Published On: Tue, Apr 23rd, 2013

Pressure mounts to find solution to refinery problems

Jacob Gelt DekkerPressure is mounting on the Curaçao government to find a solution to the major pollution problems generated by the ISLA refinery on the island, following the television screening of a documentary on the severity of the health hazards. The green alternative, to shut the refinery down and build a sustainable city in its location, is gaining increasing traction.

The refinery was built in 1915 and operated for 70 years by Royal Dutch Shell (a Dutch-British multinational), before it was sold for the symbolic price of one guilder to the government in 1985, leaving behind severe environmental damage, including a toxic asphalt lake. The contract included a provision by which Shell could never be held liable for environmental claims. In an attempt to make the deal economically attractive and therefore ensure the continuity of the refinery's activities and related employment, Curaçao's government proceeded to lease the refinery to Petróleos de Venezuela S.A. (PdVSA, the Venezuelan state-owned oil company) in 1986 for a very low annual fee of US$20m, while exempting the company from any tax obligation—the lease granted to PdVSA expires in 2019.

Health and environmental damages unaddressed for years

The smoke coming from the refinery, located in the middle of the island, has always been a cause of concern, but, over the years, the true extent of damage to the environment and the health hazard to the population have become increasingly clear. According to a report prepared by Dutch consultancy, ECORYS, for the Ministry of Economic Development of Curaçao, more than 18 people die each year as a direct result of the exhaust fumes, and many more suffer poor health. The air is contaminated with sulphur dioxide, nitrous oxide and small particles, resulting in lung diseases, cancer, acid rain and contaminated soil. Because of the emissions, schools are often forced to close.

Health research and reports have been largely ignored by the government so far. Despite the funding (around €500,000) given by The Netherlands since the island's independence in 2010, to set up an environmental police force, no such body has been created. Officially, the government gives "risk of job loss" as the main reason why they do not enforce pollution regulations. The refinery currently employs only 900 people, compared with 10,000 in the 1950s. Many politicians have worked for, or are still on the payroll of, the refinery, with little incentive to do anything to enforce regulations. The result is an impasse.

Since 2001 an activist group, Stichting Schoon Milieu Curaçao (SMOC, the foundation for a clean environment in Curaçao), has been trying to expose the extent of the pollution. SMOC forced the government to take regular measurements; however, there is no functioning authority to make sure the refinery complies with international maximum allowances. On March 21st a well-known Dutch TV programme, Zembla, aired a documentary, Stikken in het paradijs (Suffocating in Paradise), which exposed the extent of the damage the refinery has caused to the island and its people, while highlighting the inaction of the government.

Preparing for the future

Since the documentary, pressure from The Netherlands has been rising to make sure the refinery complies with the exhaust restrictions and environmental norms. That would mean a thorough and expensive refurbishment of the facility. Given that the end of the lease contract with Petróleos de Venezuela (PdVSA) is coming up in 2019 and that the company is probably unwilling to invest the huge amounts required to make the century-old refinery comply with environmental and health rules (or move the refinery to another location in the island), a scenario whereby the company leaves even before the end of its lease is becoming increasingly likely, leaving the 900 people employed in the refinery jobless. Venezuela's current political instability adds another element of uncertainty to the situation.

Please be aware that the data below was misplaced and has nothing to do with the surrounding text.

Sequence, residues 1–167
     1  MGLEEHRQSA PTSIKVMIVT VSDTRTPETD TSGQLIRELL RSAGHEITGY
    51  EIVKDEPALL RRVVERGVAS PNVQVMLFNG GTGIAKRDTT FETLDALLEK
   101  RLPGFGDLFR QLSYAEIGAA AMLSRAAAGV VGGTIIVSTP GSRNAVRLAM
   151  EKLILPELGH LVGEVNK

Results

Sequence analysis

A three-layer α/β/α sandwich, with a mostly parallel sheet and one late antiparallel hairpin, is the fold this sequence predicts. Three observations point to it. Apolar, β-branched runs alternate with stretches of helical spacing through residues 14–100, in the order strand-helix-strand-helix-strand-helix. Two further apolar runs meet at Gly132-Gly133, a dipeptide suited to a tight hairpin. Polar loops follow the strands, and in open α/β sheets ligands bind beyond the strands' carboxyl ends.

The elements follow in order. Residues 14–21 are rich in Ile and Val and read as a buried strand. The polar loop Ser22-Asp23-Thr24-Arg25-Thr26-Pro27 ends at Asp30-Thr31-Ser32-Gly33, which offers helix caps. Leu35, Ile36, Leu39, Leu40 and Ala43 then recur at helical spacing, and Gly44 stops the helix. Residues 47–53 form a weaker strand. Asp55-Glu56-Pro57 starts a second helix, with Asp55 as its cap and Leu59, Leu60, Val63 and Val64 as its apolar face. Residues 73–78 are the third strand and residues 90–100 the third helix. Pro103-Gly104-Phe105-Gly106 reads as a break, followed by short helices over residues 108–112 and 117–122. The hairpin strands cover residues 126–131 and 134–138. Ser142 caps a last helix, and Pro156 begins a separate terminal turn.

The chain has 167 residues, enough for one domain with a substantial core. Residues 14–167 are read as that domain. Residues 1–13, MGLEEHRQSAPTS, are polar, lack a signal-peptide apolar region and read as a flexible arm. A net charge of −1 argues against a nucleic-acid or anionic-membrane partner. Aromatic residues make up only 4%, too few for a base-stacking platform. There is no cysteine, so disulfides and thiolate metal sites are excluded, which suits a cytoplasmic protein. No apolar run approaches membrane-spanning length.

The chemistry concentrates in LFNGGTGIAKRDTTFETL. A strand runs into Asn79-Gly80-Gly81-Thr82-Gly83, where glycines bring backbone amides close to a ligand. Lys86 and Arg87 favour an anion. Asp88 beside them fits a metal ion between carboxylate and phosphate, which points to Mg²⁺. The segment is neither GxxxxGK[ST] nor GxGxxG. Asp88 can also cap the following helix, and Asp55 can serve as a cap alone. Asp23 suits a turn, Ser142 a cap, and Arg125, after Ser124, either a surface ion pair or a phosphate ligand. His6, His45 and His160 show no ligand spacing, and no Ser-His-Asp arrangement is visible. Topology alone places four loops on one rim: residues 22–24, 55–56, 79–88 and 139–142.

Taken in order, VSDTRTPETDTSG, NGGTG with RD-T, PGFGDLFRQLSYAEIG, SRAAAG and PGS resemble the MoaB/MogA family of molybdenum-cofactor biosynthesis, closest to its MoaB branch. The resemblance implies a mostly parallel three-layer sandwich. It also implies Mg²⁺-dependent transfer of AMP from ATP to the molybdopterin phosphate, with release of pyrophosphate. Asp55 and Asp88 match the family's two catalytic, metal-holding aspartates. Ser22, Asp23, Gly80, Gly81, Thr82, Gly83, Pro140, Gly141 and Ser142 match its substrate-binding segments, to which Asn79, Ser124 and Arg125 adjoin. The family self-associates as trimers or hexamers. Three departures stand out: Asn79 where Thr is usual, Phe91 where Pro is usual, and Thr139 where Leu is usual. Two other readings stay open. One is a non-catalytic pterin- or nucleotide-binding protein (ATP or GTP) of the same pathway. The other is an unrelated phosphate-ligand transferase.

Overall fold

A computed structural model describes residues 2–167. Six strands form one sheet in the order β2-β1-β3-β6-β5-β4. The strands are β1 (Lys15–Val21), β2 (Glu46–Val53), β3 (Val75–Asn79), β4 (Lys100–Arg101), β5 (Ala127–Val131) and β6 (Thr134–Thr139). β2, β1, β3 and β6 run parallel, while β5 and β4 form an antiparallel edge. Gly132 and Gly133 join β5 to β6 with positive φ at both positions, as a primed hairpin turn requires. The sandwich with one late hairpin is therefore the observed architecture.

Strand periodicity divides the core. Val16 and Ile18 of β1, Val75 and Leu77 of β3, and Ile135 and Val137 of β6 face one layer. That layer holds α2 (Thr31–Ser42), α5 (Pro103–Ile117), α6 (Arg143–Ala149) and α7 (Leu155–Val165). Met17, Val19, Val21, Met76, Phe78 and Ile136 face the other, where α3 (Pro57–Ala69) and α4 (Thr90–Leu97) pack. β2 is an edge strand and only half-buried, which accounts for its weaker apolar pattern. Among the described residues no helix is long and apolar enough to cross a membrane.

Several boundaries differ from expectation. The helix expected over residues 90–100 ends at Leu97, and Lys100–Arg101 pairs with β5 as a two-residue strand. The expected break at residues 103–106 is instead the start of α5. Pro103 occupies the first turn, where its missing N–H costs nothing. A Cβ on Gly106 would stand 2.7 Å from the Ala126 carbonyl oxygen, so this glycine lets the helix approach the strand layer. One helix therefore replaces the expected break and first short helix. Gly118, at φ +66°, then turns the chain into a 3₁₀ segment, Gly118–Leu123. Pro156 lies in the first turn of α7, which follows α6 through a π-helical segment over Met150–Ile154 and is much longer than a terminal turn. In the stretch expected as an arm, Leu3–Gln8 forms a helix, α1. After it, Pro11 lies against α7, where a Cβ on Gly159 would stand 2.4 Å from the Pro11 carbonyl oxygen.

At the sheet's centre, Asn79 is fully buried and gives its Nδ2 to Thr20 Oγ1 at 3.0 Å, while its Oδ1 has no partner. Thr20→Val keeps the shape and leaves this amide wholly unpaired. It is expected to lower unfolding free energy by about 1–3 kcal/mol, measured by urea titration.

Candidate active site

In 2011, an independent non-profit organisation, Fundashon GreenTown Curaçao, proposed an alternative to the refinery, which is now increasingly gaining momentum among politicians and the population at large. The proposal included dismantling the refinery, cleaning up the area and building a 600-ha sustainable city (called Green Town) based on multiple industries, with the creation of thousands of jobs in the maritime industry, marinas, shipbuilding, entertainment, real estate, fisheries, trade and retail business. The project is intended to generate significantly more income for the government and turn a polluted area into a clean environment. A market study by Royal Haskoning confirms these conclusions. According to Royal Haskoning, this new city could create 16,000 jobs and US$350m to US$1bn in additional GDP, with a total investment of under US$1.7bn (of which US$1.5bn should come from private investment).

The Dutch media and government are putting increasing pressure on the Curaçao government to take action. The Curaçao government is assessing the alternative scenarios, including a possible closure of the refinery (as occurred in Aruba at the end of 2012). If the government does not create an alternative plan for the refinery, jobs will be lost and the island will be left with a huge pollution problem. If the government chooses a green alternative for the refinery, this may attract investors and be beneficial to tourism and the entertainment industry.

Written by Esther Jacobs
The Economist

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